Alternative Benchmarks for Evaluating Mutual Fund Performance
AbstractWhile real estate investment trusts (REITs) have experienced very high growth rates over the past 15 years, the growth in mutual funds that invest in REITs has been even more dramatic. REIT mutual fund returns are typically presented relative to the return on a simple value-weighted REIT index. We ask whether including additional factors when benchmarking funds' returns can improve the explanatory power of the models and offer more precise estimates of alpha. We investigate three sets of REIT-based benchmarks, plus an index of returns derived from non-REIT real estate firms, namely homebuilders and real estate operating companies. The REIT-based factors are a set of characteristic factors, a set of property-type factors and a set of statistical factors. Using traditional single-index benchmarks, we find that about 6% of the REIT funds exhibit significant positive performance using traditional significance levels, which is more than twice what random chance would predict. However, with the multiple-index benchmarks that we prefer, this falls considerably to only 0.7%. In addition, we find that these sets of factors and the non-REIT indices better explain the month-to-month returns of the REIT mutual funds. This suggests that investors or researchers evaluating REIT mutual fund performance may benefit from a multiple-benchmark approach. Copyright (c) 2009 American Real Estate and Urban Economics Association.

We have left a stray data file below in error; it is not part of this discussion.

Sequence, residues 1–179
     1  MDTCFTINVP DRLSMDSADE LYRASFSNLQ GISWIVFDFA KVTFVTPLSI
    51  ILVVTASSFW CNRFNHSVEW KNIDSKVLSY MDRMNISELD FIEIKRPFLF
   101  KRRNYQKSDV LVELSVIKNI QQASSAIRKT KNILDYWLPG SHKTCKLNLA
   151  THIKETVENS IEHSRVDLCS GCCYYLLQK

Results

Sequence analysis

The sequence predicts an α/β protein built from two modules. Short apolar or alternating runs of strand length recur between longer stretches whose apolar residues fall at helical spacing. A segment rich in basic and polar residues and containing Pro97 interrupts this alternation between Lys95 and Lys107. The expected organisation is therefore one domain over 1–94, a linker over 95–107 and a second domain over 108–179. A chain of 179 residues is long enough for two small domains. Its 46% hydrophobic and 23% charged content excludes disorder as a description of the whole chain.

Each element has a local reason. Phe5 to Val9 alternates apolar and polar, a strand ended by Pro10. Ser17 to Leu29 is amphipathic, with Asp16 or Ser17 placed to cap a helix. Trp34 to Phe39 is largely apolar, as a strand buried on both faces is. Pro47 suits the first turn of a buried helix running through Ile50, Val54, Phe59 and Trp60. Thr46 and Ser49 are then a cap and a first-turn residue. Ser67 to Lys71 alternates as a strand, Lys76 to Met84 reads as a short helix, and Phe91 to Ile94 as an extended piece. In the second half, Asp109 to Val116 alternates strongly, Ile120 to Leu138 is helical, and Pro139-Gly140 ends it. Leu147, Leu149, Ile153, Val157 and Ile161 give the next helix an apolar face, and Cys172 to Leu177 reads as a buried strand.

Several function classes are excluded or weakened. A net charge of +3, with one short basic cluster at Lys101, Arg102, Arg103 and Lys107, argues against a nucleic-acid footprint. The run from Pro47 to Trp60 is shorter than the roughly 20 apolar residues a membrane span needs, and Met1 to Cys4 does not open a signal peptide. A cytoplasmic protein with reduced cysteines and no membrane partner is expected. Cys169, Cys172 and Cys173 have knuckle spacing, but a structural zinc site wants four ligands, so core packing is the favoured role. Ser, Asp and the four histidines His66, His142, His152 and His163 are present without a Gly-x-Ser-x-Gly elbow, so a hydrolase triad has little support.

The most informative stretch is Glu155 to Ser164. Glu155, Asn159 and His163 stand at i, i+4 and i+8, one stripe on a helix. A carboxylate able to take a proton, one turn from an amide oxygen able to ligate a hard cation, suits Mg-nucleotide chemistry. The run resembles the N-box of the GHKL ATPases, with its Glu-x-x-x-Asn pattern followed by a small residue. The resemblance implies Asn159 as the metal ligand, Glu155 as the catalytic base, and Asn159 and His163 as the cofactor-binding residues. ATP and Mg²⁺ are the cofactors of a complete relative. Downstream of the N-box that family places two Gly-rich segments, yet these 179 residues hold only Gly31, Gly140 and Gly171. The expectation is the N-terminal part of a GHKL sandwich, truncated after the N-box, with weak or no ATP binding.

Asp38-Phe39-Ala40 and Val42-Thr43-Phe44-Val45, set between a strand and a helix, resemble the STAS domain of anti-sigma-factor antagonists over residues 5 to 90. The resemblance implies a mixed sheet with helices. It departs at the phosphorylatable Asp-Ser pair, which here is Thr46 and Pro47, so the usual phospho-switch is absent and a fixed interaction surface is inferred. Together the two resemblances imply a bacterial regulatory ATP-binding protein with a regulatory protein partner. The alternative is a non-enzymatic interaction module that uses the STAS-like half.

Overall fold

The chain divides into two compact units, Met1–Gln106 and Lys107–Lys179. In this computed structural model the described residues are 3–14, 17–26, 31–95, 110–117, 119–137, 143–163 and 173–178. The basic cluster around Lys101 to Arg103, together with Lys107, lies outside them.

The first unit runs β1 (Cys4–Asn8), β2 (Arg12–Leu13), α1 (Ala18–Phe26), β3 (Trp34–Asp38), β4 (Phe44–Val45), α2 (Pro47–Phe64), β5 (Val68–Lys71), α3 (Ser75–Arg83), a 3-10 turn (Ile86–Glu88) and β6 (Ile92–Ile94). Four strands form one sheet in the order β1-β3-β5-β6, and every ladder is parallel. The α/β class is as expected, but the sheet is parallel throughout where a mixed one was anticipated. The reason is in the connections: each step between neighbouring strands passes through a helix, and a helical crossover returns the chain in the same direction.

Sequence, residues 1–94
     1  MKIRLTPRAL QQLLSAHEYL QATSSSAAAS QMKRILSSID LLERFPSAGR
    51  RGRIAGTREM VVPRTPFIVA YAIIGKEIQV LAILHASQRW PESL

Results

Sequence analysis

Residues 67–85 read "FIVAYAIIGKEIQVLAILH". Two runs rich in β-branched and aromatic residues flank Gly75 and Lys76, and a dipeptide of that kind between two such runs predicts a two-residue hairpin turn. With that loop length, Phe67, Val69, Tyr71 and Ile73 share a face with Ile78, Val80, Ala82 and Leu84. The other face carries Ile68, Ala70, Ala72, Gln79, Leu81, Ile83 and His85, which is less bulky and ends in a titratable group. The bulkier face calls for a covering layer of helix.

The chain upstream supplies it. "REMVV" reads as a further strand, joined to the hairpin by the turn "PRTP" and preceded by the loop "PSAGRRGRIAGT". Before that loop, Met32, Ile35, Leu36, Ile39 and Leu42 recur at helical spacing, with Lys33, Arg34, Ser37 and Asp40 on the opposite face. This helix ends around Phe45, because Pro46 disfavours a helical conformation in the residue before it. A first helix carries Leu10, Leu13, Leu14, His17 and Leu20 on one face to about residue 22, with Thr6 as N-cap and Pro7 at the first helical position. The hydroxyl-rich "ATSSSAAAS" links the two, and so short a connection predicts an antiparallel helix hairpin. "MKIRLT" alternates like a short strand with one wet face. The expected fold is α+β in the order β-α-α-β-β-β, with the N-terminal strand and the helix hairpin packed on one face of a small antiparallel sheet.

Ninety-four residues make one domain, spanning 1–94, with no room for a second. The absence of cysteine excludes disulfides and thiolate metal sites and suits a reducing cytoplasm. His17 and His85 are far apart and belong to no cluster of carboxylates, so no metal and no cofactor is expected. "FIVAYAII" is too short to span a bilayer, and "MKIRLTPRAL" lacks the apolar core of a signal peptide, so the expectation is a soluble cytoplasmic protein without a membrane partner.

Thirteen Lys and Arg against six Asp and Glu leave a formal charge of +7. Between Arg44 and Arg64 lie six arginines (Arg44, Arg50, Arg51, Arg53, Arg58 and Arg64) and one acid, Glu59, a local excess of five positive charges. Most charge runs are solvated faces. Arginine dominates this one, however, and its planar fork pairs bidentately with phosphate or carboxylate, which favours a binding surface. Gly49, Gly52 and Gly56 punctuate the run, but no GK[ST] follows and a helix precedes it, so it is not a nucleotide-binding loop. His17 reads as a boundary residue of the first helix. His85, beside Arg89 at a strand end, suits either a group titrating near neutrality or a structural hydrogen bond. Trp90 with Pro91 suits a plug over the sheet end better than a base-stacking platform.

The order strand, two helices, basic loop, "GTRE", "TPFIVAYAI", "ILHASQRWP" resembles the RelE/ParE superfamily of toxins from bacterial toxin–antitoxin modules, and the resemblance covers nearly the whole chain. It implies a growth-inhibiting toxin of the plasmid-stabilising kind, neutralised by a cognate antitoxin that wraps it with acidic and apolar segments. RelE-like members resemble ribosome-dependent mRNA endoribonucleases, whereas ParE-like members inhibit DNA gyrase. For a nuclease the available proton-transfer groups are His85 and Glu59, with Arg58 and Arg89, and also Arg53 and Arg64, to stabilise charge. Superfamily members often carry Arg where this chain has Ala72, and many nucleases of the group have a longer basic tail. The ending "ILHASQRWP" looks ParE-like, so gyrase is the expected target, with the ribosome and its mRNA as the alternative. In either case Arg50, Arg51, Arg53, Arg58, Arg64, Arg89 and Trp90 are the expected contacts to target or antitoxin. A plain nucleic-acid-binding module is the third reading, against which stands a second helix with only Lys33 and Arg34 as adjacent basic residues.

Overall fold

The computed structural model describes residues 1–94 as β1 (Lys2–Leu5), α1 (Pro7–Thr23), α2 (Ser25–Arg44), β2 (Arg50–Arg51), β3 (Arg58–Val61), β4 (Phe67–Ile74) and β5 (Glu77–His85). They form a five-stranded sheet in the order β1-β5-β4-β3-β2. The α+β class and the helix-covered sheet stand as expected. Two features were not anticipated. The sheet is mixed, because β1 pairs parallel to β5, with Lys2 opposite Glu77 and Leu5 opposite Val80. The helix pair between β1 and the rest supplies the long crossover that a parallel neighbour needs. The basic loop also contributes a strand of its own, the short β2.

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Bibliographic InfoArticle provided by American Real Estate and Urban Economics Association in its journal Real Estate Economics.
Volume (Year): 38 (2010)
Issue (Month): 1 ()
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- Elizabeth Ooi & Paul Lajbcygier, 2013. "Virtue Remains After Removing Sin: Finding Skill Amongst Socially Responsible Investment Managers," Journal of Business Ethics, Springer, vol. 113(2), pages 199-224, March.
- James Chong & Alexandra Krystalogianni & Simon Stevenson, 2012. "Dynamic correlations between REIT sub-sectors and the implications for diversification," Applied Financial Economics, Taylor & Francis Journals, vol. 22(13), pages 1089-1109, July.
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